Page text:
Woe betide the bride who does not religiously follow the usual wedding traditions. It may break the poor groom’s back… but he still has to to the carry the bride over the threshold, for fear of bad luck. Most couples follow the wedding traditions but don’t know the significance or origins of them. Read on to discover the true meaning of ‘something old, something new’ and other things brides still believe in.
Something Old, Something New
The full wording of this popular bridal rhyme is, ‘something old, something new, something borrowed, something blue and a silver sixpence in your shoe.’ This saying dates all the way back to Victorian times.
‘Something old’ refers to the bride wearing an item that represents a link with the bride’s family and her single life. The bride may chose to wear a piece of family jewellery, or perhaps her mother’s or grandmother’s wedding dress, style permitting. The ‘something new’ part to the rhyme represents good fortune and success in the bride’s new married life. The bride’s wedding dress is usually the ‘something new’, but it can be any other new item of the bride’s wedding attire.
Brides wear something borrowed, which has already been worn by a happy bride on her wedding day. This is meant to bring good luck and longevity to the marriage. Brides traditionally will borrow an item of bridal clothing, a handkerchief, or a piece of jewellery. Hair decorations are also very popular.
Wearing something blue dates back to biblical times, when the color blue represented the virtues of purity and fidelity. Over the years this has evolved from wearing blue clothing to wearing a blue band around the bottom of the bride’s dress. Nowadays, brides wear blue-trimmed garters, or sometimes blue toenail polish.
The part of the rhyme that many may not be familiar with is the ‘sixpence in your shoe’. Placing a silver sixpence in the bride’s left shoe is a symbol of wealth. This does not symbolize material wealth only, but also a wealth of happiness and joy throughout her married life.
The Veil Tale
The stories about the veil-wearing seem to always relate to some harm coming to the bride. Go figure! One origin story talks about grooms throwing blankets over the bride’s head to capture and kidnap her (with intention to marry, presumably). Another origin story talks about arranged marriages, and how grooms weren’t supposed to see their brides until the wedding day (and presumably, he couldn’t run away once the vows were said).
Nowadays, you see echoes of this at ceremonies where the bride keeps the veil over her face until the minister pronounces the couple ‘husband and wife’.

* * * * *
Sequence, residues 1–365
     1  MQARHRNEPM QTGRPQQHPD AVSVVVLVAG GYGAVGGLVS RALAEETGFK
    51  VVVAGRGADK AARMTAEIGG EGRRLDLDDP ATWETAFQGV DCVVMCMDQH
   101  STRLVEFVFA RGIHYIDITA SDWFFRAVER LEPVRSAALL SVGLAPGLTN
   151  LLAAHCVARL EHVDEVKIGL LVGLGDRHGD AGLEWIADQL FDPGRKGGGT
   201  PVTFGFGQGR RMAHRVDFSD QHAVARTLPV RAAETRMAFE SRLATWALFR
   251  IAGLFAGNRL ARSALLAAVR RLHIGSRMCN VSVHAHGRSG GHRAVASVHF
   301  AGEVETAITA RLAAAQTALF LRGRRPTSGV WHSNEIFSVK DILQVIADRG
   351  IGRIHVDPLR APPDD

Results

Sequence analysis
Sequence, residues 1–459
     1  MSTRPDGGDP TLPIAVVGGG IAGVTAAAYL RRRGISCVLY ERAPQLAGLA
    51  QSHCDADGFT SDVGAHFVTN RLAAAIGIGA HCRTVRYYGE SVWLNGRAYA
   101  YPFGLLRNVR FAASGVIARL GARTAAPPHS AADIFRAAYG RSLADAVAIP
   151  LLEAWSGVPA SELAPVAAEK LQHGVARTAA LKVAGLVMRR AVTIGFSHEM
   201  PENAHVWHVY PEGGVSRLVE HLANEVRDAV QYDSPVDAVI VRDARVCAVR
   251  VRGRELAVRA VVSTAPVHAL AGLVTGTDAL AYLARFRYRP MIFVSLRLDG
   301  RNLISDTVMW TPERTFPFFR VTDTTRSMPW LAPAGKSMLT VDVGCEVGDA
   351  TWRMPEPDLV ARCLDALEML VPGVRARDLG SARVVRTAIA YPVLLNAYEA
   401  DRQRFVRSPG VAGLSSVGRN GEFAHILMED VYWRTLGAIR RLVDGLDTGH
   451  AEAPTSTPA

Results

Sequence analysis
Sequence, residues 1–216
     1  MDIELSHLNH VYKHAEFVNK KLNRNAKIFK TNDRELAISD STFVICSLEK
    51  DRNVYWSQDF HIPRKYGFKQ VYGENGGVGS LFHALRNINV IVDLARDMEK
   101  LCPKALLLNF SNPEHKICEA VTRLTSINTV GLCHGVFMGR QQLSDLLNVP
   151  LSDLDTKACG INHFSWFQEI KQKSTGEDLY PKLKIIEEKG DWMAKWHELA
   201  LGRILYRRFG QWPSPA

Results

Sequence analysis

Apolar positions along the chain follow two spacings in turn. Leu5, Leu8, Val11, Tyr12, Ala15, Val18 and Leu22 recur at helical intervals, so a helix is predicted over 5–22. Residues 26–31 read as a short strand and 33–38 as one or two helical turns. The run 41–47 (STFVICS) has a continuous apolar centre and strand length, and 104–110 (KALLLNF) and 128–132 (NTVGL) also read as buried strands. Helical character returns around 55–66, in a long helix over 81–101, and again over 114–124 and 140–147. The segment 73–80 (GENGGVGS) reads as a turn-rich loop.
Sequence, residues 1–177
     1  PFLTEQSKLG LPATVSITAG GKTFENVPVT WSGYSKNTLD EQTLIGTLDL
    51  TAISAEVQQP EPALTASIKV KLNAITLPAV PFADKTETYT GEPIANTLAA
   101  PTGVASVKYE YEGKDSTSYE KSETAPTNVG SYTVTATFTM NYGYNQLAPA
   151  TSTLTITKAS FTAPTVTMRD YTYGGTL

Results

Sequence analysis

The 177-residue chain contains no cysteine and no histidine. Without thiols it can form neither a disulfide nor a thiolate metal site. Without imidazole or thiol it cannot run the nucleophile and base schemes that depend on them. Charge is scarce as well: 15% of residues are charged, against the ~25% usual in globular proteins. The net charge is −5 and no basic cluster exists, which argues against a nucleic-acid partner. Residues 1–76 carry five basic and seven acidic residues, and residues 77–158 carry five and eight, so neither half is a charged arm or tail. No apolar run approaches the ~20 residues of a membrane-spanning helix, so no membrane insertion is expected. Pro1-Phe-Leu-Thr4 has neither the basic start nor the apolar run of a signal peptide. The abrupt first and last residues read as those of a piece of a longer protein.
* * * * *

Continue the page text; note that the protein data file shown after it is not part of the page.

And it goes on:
Carrying the Bride over the Threshold
There are two ideas on where this tradition emerged from. Traditionally, the groom carries his bride over the threshold when entering their home as a married couple for the first time. The first idea says it’s to protect the bride from evil spirits lurking under the threshold. The second explanation relates to ancient Roman beliefs. If the bride stumbled when entering the newlywed’s home for the first time, it brought bad luck and harm to their marriage. So carrying the bride across the threshold would prevent this from happening. We haven’t established the outcome to the marriage if the groom stumbled while carrying the bride!
Proposals During Leap Year
The right of every woman to propose on 29th February each leap year goes back many hundreds of years. Back then, the English law didn’t recognise leap year day (the day was ‘leapt over’ and ignored, hence the term ‘leap year’). As the day had no legal status, traditions also had no bearing on that day. Women who didn’t want to be ‘left on the shelf’ took advantage of this and proposed to the man they wished to marry.
Throwing the Confetti
The origin of throwing confetti over newlyweds originates from the ancient Pagan rite of showering the happy couple with grain to wish them a ‘fruitful’ union. Pagans believed that the fertility of the seeds would be transferred to the couple as they fell. The throwing of rice symbolizes the same thing. Despite the longevity of this tradition, it is on the verge of extinction. Most register offices and churches no longer permit it (all that cleaning up…). Bird-seed is a common substitute. We’ve also seen some creative alternatives, like soap bubbles and pom-poms.
Lets hope an Irish tradition of using WOL to plan your wedding will become as common as ‘something old, something new’. Cheeky plug, eh?
Image found on greenweddingshoes.com
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Former editor, current contributor, (she just can't let go!) Karen enjoys writing fashion but is known to dabble in decor from time to time. Her favourite section on the site is the Real Wedding section, followed closely by the Health & Fitness forums.